Based on this information, you might ask what you can do if you need mental health counseling, but want to keep this from the adults in your life? Fortunately, there are options for support — and these can be kept private from your parent/guardian.
- Support groups: These may be available for free, and are often held in person or online. Support groups enable people with similar issues and concerns to openly share stories and experiences with one another.
- Online forums: Several organizations offer online forums, which are message boards or online discussion sites. By searching topics on a forum, such as sexual identity, divorce and bullying, you may find lots of insights and ideas from people who have faced similar struggles. Check out some of the forums we recommend: National Runaway Safeline, Mental Health America and TrevorSpace for LGBTQ+ identifying individuals looking for a like-minded community and safe space.
- Service providers: School counselors, coaches, teachers and nonprofit crisis centers are valuable resources to listen and provide non-judgmental advice. At the National Runaway Safeline, we offer 24/7 crisis support through our hotline and online crisis services (chat, email and forums). Another trusted resource for young people is loveisrespect, which offers 24/7 information and support for those who have questions or concerns specifically about their romantic relationships.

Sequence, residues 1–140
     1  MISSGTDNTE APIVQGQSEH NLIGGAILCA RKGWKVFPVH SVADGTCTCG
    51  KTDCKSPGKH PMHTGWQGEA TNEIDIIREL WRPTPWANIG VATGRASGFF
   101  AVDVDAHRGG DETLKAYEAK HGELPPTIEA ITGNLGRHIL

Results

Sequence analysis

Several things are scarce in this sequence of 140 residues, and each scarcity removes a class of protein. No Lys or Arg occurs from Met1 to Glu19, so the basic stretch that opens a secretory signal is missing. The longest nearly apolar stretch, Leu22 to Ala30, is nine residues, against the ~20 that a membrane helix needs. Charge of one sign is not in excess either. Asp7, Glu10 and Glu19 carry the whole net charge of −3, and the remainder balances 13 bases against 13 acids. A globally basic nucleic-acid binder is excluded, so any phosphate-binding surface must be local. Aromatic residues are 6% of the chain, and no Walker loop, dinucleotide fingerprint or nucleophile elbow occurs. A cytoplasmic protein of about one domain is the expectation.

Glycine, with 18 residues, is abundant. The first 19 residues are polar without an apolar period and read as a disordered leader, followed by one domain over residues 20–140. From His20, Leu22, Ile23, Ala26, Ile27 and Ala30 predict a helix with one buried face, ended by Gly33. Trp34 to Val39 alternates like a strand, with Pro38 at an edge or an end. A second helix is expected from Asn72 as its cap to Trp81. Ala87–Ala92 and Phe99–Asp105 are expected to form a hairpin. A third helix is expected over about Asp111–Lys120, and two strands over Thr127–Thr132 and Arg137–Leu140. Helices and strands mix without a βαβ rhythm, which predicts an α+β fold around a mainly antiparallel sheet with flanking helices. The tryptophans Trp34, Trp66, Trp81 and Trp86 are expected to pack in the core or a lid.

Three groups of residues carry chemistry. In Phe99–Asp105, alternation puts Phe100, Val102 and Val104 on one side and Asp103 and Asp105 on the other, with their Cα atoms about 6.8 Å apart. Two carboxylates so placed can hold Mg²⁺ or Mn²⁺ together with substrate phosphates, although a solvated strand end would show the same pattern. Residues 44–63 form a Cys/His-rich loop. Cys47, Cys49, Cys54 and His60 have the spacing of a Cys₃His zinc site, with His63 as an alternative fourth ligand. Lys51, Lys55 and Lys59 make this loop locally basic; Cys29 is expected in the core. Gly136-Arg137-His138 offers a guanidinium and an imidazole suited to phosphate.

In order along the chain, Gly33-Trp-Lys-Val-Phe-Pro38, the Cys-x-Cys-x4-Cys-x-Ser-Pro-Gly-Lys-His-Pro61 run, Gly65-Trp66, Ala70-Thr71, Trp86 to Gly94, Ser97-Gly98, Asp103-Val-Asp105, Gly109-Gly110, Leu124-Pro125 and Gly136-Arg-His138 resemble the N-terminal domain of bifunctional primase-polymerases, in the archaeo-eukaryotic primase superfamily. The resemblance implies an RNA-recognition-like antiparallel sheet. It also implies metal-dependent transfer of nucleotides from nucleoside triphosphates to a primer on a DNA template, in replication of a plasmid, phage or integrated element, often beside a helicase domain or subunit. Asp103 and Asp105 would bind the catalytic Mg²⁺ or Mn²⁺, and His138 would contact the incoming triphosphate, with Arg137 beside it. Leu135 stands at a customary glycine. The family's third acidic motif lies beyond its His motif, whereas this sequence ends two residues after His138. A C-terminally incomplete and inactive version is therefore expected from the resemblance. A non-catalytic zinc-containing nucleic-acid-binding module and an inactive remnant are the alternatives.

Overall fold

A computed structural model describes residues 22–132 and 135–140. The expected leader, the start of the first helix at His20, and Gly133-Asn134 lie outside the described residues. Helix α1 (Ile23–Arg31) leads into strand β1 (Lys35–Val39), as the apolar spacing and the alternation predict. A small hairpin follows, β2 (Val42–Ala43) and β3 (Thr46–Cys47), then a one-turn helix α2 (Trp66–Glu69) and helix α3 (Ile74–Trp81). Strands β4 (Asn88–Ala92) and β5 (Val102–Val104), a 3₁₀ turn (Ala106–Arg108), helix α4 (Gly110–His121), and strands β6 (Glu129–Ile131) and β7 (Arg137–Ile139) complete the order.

- Self-care: Don’t underestimate the healing power of caring for yourself. Writing in a journal, exercising, expressing yourself through art and spending time outdoors are small steps that can have a big impact on your daily mood. Do things that you enjoy and comfort you, such as spending time with people you love and trust, or trying a new hobby.
Taking care of yourself and starting the journey toward bettering your mental health may not be easy, especially if you are still living under the supervision of your parents/guardians. But remember that there are resources available to support you in times of need.
Remember, if you are unsure of where to look or what steps to take, please know you can contact the National Runaway Safeline at 1-800-RUNAWAY or chat online with us at 1800RUNAWAY.org.
Read More »
Read More »